On Delirious Childhood Images of the Mystic Cosmos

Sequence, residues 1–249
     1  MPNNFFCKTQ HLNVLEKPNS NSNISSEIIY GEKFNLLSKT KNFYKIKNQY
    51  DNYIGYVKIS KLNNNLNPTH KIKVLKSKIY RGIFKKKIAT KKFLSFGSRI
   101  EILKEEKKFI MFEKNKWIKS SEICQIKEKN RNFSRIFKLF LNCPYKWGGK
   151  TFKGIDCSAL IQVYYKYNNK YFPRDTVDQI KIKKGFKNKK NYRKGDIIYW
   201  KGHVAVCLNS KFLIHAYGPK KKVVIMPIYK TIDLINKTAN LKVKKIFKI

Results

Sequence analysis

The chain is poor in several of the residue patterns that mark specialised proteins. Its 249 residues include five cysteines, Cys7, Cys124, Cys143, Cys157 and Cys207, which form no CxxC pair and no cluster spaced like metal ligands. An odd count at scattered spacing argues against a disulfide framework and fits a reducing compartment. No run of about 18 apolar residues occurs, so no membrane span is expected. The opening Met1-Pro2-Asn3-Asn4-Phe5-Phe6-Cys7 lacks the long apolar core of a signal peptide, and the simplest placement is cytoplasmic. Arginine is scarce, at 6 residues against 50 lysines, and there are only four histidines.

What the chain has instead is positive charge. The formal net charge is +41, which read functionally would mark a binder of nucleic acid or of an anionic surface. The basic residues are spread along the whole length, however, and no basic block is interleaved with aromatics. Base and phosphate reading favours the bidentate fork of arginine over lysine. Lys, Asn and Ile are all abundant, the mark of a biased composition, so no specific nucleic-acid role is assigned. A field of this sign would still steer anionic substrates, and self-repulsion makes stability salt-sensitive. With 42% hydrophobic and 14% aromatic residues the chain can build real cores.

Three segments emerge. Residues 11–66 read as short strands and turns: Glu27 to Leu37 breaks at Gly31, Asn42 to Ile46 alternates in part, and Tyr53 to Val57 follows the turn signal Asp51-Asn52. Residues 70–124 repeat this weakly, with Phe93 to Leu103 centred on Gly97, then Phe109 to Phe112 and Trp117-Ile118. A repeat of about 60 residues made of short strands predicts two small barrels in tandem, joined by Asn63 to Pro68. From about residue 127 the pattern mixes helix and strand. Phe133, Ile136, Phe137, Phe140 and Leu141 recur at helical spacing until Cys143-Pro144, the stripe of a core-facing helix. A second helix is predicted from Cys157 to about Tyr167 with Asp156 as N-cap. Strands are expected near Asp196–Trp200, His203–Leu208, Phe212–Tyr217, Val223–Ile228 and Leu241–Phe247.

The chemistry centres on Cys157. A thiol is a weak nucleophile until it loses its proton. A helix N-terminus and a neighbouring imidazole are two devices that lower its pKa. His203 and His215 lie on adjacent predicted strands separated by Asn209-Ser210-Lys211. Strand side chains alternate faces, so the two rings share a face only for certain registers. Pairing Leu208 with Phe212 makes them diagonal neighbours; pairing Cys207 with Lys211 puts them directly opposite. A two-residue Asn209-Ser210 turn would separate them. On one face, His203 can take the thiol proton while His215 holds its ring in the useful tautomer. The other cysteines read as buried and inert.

Do you remember what it was like to be sick as a child, when you would stay home from school and relocate to your parents’ bed to watch television? Some days we were faking and would do anything to avoid the tedium of school (if only that were an option now!) but when we were actually sick, when we didn’t rub the thermometer between our palms to heat it up just enough to make it look plausible, when the afternoon would bring with it the chills and aches — the ringing ears — of a descending fever, we can still feel the expanse of the bed under us — you could lie in the middle and not touch an edge in any direction — and hear the drone of the afternoon soap operas just a few feet away. We would stare up as if from the bottom of a pool at the tiny black-and-white checkerboard wallpaper on the ceiling (installed, we would like to note, by a couple of formidable old queens our mother used as interior decorators), and in our delirium it would begin to move like traffic of the city — a new-world city, in quadrants: east and west, north and south — in perfect time-lapse animation, leaving us both pained and mesmerized by the promise of what lay ahead.

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